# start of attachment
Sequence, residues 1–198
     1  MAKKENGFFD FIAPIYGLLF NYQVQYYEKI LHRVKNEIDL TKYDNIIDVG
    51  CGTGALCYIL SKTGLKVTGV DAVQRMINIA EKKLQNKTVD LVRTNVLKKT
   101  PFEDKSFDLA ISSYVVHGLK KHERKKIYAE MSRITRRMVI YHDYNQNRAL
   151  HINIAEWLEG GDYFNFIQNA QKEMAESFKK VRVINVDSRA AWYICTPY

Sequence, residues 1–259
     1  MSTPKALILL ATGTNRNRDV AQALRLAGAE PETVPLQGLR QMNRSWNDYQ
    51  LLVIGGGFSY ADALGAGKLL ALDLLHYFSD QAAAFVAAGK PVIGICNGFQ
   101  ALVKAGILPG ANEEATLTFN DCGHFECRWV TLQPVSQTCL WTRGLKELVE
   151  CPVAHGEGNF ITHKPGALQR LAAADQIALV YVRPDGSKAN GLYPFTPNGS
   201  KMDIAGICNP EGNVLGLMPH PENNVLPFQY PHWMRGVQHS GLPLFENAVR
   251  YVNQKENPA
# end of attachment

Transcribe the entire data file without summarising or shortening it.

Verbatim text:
Sequence, residues 1–198
     1  MAKKENGFFD FIAPIYGLLF NYQVQYYEKI LHRVKNEIDL TKYDNIIDVG
    51  CGTGALCYIL SKTGLKVTGV DAVQRMINIA EKKLQNKTVD LVRTNVLKKT
   101  PFEDKSFDLA ISSYVVHGLK KHERKKIYAE MSRITRRMVI YHDYNQNRAL
   151  HINIAEWLEG GDYFNFIQNA QKEMAESFKK VRVINVDSRA AWYICTPY

Sequence, residues 1–259
     1  MSTPKALILL ATGTNRNRDV AQALRLAGAE PETVPLQGLR QMNRSWNDYQ
    51  LLVIGGGFSY ADALGAGKLL ALDLLHYFSD QAAAFVAAGK PVIGICNGFQ
   101  ALVKAGILPG ANEEATLTFN DCGHFECRWV TLQPVSQTCL WTRGLKELVE
   151  CPVAHGEGNF ITHKPGALQR LAAADQIALV YVRPDGSKAN GLYPFTPNGS
   201  KMDIAGICNP EGNVLGLMPH PENNVLPFQY PHWMRGVQHS GLPLFENAVR
   251  YVNQKENPA